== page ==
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Grace and Fury by Tracy Banghart

BOTTOM LINE: I love any novel that shows women realizing their potential and setting about righting the wrongs of patriarchal societies!

Genre: Young Adult; Fantasy
Publication Date: 31 July 2018
Source: Publisher via NetGalley

Synopsis from the Publisher:

“Serina Tessaro has been groomed her whole life to become a Grace–someone to stand by the heir to the throne as a shining, subjugated example of the perfect woman. It’s her chance to secure a better life for her family, and to keep her headstrong and rebellious younger sister, Nomi, out of trouble. But when Nomi catches the Heir’s eye instead, Serina is the one who takes the fall for the dangerous secret her sister has been hiding.

Trapped in a life she never wanted, Nomi has only one option: surrender to her role as a Grace until she can use her position to save Serina. But this is easier said than done…. A traitor walks the halls of the palazzo, and deception lurks in every corner.

Meanwhile Serina is running out of time. Imprisoned on an island where she must fight to the death to survive, surrounded by women stronger than she is, one wrong move could cost her everything. There is no room for weakness on Mount Ruin, especially weaknesses of the heart.

Thrilling and captivating, Grace and Fury is a story of fierce sisterhood, and of survival in a world that’s determined to break you.”

My Thoughts: In young adult fiction, strong young heroines who help save the world have been a mainstay of such stories for a decade or more. However, this does not mean that authors are overusing this character type. If anything, given the headlines these days, women of all ages need these heroines to remind us to keep fighting no matter how exhausting or painful it is. They remind us that all revolutions start small, and all it takes to grow is that one person to stand up for what is right. In this regard, Nomi and Serina are two more great examples of women fighting the good fight.

What makes Grace and Fury stand out from a crowded field of similar novels is the anger simmering beneath the surface of the story. While Nomi’s anger is upfront, it is the anger underneath that fuels the narrative. As both girls gain more exposure to their new homes, they begin to understand just how angry women are at their enforced situations. They also begin to recognize the machinations that exist solely to keep women submissive. As their awareness grows, so does the antagonistic energy that surrounds each woman with whom the girls interact, until eventually, neither girl can ignore the suppressed truth.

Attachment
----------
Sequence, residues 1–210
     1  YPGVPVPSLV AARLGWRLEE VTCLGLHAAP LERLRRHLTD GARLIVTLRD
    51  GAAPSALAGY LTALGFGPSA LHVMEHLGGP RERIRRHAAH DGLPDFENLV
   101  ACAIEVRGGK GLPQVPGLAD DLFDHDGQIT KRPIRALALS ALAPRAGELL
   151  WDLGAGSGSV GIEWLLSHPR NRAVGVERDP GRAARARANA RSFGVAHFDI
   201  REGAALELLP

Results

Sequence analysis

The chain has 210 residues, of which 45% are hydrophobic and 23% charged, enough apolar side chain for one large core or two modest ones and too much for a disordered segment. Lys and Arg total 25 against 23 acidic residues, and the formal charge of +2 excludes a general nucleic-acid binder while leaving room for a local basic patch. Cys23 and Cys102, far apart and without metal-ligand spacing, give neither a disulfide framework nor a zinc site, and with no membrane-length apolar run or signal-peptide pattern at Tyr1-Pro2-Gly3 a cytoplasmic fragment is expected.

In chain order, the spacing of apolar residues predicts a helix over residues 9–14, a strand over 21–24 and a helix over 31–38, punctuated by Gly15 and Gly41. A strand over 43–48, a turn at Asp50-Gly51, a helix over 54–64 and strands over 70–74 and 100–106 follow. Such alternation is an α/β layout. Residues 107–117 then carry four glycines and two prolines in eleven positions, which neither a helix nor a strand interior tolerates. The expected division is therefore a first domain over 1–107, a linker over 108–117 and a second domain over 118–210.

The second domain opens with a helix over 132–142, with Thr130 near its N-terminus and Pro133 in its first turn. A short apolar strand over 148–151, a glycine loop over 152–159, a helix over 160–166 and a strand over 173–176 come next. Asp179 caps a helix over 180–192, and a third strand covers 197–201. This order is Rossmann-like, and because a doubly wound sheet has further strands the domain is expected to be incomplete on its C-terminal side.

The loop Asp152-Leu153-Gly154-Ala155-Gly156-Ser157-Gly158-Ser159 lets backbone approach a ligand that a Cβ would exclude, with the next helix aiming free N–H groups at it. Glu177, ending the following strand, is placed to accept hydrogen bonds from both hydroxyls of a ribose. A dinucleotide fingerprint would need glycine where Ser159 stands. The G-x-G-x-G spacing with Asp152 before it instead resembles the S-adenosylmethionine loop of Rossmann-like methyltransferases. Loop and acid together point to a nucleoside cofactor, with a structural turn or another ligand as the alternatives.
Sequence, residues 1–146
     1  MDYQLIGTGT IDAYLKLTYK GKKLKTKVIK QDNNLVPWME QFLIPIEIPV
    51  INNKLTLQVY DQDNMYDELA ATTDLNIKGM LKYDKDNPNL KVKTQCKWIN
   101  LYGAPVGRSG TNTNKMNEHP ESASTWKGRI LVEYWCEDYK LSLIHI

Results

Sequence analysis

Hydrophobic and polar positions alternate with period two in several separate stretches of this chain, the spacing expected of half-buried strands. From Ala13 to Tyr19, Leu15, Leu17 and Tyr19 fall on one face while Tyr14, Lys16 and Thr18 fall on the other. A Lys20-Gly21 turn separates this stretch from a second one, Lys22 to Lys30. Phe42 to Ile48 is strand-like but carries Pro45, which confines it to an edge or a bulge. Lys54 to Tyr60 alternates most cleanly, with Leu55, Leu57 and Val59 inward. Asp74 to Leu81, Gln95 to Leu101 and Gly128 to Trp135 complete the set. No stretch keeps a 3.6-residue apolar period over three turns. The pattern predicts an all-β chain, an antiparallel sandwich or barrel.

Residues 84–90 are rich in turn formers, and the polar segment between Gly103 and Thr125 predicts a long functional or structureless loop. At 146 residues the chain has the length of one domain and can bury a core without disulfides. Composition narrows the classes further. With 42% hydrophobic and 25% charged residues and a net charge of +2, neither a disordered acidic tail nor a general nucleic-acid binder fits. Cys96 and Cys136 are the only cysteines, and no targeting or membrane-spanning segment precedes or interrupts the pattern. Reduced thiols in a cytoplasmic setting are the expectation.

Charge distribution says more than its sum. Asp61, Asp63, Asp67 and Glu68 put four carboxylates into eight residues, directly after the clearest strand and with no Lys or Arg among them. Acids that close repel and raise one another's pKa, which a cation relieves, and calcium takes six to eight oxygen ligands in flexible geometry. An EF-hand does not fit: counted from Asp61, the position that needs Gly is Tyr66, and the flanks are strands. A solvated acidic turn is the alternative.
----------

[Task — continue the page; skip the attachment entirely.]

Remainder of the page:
In many ways, one can relate what happens to the sisters to current headlines. Just as the girls become more aware of the undercurrents of tension in their fictional world, there is an anger among women in the real world which is only beginning to surface. Serina and Nomi gain greater understanding and knowledge of their lack of rights, but women everywhere are fighting to maintain theirs. Both groups face a firmly entrenched patriarchy that has generations of traditions, social mores, and other insidious forms of subjugation of which so many of us have never been consciously aware. The worlds may be different, but the enemy we face remains the same.

Grace and Fury is not perfect. In fact, the story is highly predictable, and the big plot twist is so obvious that there is no surprise. However, it remains an excellent story if only because it is inspiring. In the real world, women are angry and have been since November 2016. If it takes a fictional pair of sisters to create the spark needed for women to move beyond anger and into action, then I welcome it with open arms.

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